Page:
beschizza at February 26th, 2014 09:07 — #1
singletona082 at February 26th, 2014 10:20 — #2
Other than being a way to scam a shadey government out of money why do this? Is the panama canal that congested?
Why would ships not want to go through panama or is it a case of this canal being built for ships too large to fit through?
dethbird at February 26th, 2014 10:50 — #3
A Man. A Plan. A Canal. NICARAGUA.
.. just doesn't roll off the tongue.
A Man. A Plan. A Canal. Rancho Cucamonga! !!!!
ffabian at February 26th, 2014 10:56 — #4
The panama canal is indeed getting too small/shallow for the super large container-ships built in the last decade.
wrecksdart at February 26th, 2014 10:56 — #5
This looks like en environmental disaster waiting to happen. As the article notes, it may be necessary to dam certain rivers so the water level of Lake Nicaragua can be raised enough to permit deep-draft container ships, which could then change the hydrology of other rivers in the area.
Besides, with a super-huge canal cutting through from the Gulf of Mexico to a freshwater, biologically diverse lake, and on out to the Pacific, what could possibly go wrong?
Edit: The article hints at the involvement of the Chinese in financing this deal, and given that the USA and Panama have some sweet deal to allow US military ships through the canal in case of war (that's an assumption, not a fact), what's the chance that this is China's way of assuring that they've got a similar method of transport between the Pacific and Atlantic oceans?
xzzy at February 26th, 2014 11:05 — #6
Isn't the Panama Canal undergoing upgrades, building a second set of bigger locks?
This seems like a poorly thought out plan no matter how you look at it. I can see why possessing such a canal would seem like a huge money maker, but this is like putting a square peg in a round hole. Someone else is already doing it better than you ever will.
fang at February 26th, 2014 11:16 — #7
Find out what the competitors are charging in terms of tolls, and charge slightly less. I don't see why the existence of the Panama canal means the Nicaraguan canal won't be able to earn a profit.
xzzy at February 26th, 2014 11:25 — #8
Because the Nicaraguan one will be three times as long and has to navigate around more elevation changes.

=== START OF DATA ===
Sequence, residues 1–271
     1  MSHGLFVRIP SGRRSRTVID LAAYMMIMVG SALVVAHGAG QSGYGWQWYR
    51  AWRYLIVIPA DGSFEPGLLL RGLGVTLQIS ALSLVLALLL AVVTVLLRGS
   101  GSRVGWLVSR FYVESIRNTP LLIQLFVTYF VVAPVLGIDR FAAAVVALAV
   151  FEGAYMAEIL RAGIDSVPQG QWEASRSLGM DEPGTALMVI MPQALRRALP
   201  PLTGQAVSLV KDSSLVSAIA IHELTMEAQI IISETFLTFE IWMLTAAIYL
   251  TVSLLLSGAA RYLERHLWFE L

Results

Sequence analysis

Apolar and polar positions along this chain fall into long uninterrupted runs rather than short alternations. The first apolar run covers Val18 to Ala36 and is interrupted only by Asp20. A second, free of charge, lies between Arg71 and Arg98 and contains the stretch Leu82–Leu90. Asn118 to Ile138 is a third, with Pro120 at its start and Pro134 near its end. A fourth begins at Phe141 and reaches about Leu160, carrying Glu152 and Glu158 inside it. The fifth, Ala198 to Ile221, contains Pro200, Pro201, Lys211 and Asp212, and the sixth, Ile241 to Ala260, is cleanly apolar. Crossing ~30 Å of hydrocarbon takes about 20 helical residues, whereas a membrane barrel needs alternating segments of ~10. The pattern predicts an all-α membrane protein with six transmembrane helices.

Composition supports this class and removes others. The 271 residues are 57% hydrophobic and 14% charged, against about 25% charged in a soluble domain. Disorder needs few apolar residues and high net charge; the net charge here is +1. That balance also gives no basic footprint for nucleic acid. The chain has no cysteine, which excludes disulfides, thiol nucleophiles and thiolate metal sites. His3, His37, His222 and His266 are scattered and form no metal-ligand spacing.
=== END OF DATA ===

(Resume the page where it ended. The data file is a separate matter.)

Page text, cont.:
I have no doubt that once it's built it could be profitable, but the costs to build it are going to be staggering and will probably obliterate involved corporations when problems develop.
fang at February 26th, 2014 11:29 — #9
All of that could be factored into the pricing. My argument is that people asking questions like 'does the world need a Nicaraguan canal' are missing the point. It's not at all about what the world needs. It's about whether Nicaragua, and investors in this venture, can expect a reasonable rate of return in creating a competing service to the Panama one. If they can't, I assume they won't be able to raise the $40 bn to even start construction.
"If Coke exists and they can produce enough for everyone, why sell Pepsi?" Because the owners of Pepsi want to make money, obviously.
singletona082 at February 26th, 2014 11:35 — #10
Except why does China need in the Atlantic? The US has the problem of having ports on both oceans. China does not.
wrecksdart at February 26th, 2014 12:06 — #11
Global reach, global power, as they say in the US Chair Force. Why not have an easy avenue to getting to that side of the world in order to project naval power, especially when your largest competitor has (assumption) far better ties to the only extant canal of such kind?
old at February 26th, 2014 12:11 — #12
Transport by ship is far cheaper than by rail or truck.
singletona082 at February 26th, 2014 12:30 — #13
Pooh right. Exports to everyone. Silly me. Forgot that.
iiiillliiilllii at February 26th, 2014 12:36 — #14
Great story about the canal that was originally slated for Nicaragua, but then went to Panama, in this awesome book:
iiiillliiilllii at February 26th, 2014 12:44 — #15
William Nelson Cromwell would be annoyed.
bobstreo at February 26th, 2014 13:49 — #16
Does this mean Costa Rica will now be an island?
gyrofrog at February 26th, 2014 13:52 — #17
leidentech at February 26th, 2014 16:12 — #18
Lake Nicaragua is a freshwater lake... with sharks. This can't be good.
spejic at February 26th, 2014 16:12 — #19
Post-Panamax (as they call ships bigger than the Panama Canal can take) ships have been built since the late 1980's.
jandrese at February 26th, 2014 16:26 — #20
It's not like there isn't a lake in the middle of the Panama canal too...
Of course construction of the Panama canal bankruped all of the original investors and had to be bailed out by the government. I fully expect a repeat performance on a Nicaragua canal if it ever gets that far.
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